I have been keen to do a McGinnis related post on this site ever since picking up a copy of The Art of Robert E McGinnis, published by Titan Books, during my travels in the US late last year.
Most Pulp Curry readers will be familiar with McGinnis, whose striking illustrations appeared on the covers of numerous pulp novels and who is still working at the age of nearly ninety, doing the occasional cover for the Hard Case Crime imprint.
One of the main reasons there is so much contemporary interest in pulp fiction of the fifties and sixties is the striking cover art. I find this interesting given that it is often the aspect of pulp fiction we know the least about. The artists behind the wonderfully lurid images that grace the covers of most pulp books are seldom acknowledged and we know very little about most of these people and how they worked.
McGinnis was an exception. His images, including his signature illustrations of femme fatales and other female pulp characters, are well known and have appeared on books by authors as diverse as Lawrence Block, Jim Thompson, Erskine Caldwell and the US editions of Australian pulp writer Alan Geoffrey Yates, aka Carter Brown, to name just a few.
McGinnis had more strings to his illustration bow than just pulp. He did magazine illustrations and work for Hollywood movies, including posters for Woody Allen’s Sleeper and the James Bond films Thunderball and You Only Live Twice.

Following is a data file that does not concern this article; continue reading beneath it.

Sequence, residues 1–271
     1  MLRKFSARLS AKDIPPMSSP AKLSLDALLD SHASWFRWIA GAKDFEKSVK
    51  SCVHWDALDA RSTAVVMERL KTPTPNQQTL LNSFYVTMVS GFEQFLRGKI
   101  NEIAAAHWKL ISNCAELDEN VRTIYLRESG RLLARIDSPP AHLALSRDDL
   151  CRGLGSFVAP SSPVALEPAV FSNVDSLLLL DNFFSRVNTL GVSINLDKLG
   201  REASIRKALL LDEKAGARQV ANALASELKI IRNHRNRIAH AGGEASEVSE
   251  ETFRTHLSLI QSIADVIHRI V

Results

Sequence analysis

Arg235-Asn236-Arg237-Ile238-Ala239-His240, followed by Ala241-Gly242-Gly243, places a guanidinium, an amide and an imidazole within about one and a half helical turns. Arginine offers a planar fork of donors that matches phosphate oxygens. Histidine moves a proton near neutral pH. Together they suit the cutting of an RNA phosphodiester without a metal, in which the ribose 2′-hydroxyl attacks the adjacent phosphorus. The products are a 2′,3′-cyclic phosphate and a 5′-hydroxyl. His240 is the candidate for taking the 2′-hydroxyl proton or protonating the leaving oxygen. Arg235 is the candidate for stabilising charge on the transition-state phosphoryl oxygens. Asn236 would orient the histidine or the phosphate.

All these aspects of his astonishing output are represented in the visually incredible coffee table book, The Art of Robert E McGinnis. In addition to some absolutely stunning reproductions of his work there is some interesting behind the scenes information about how McGinnis approached his work. For example, while McGinnis is best known for the highly sexually charged, erotic renditions of the female form, less know is the subtle changes he brought to his work, depending on the outlet and the audience.
While many pulp artists were only able to produce one kind of work, images for lurid male oriented pulp novels, McGinnis realised earlier than most, that this section of the publishing industry was on the wane by the late sixties, and changed his tack to suit the needs of publications such as romance and gothic novels and magazines like National Geographic.
It’s a pity more pulp artists haven’t had their work celebrated in a book like The Art of Robert McGinnis. It’s a must own for any serious connoisseur of pulp fiction.
In the meantime, enjoy the following selection of covers.